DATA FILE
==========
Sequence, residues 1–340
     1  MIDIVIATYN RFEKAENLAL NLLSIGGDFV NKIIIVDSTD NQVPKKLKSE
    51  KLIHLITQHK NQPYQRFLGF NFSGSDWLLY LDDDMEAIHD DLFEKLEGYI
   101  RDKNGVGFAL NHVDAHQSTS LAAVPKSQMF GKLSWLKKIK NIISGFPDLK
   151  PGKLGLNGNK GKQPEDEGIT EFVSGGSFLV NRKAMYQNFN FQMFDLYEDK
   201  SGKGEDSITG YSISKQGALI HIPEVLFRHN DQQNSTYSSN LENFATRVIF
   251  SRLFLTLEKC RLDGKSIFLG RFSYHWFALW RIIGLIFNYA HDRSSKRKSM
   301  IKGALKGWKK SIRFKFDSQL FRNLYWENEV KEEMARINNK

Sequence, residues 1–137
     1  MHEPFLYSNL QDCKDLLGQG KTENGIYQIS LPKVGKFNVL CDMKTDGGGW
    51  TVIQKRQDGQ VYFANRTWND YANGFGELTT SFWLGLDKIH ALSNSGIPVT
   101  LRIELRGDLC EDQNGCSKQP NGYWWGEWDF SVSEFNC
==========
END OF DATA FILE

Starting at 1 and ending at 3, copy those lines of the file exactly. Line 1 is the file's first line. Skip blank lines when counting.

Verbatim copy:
Sequence, residues 1–340
     1  MIDIVIATYN RFEKAENLAL NLLSIGGDFV NKIIIVDSTD NQVPKKLKSE
    51  KLIHLITQHK NQPYQRFLGF NFSGSDWLLY LDDDMEAIHD DLFEKLEGYI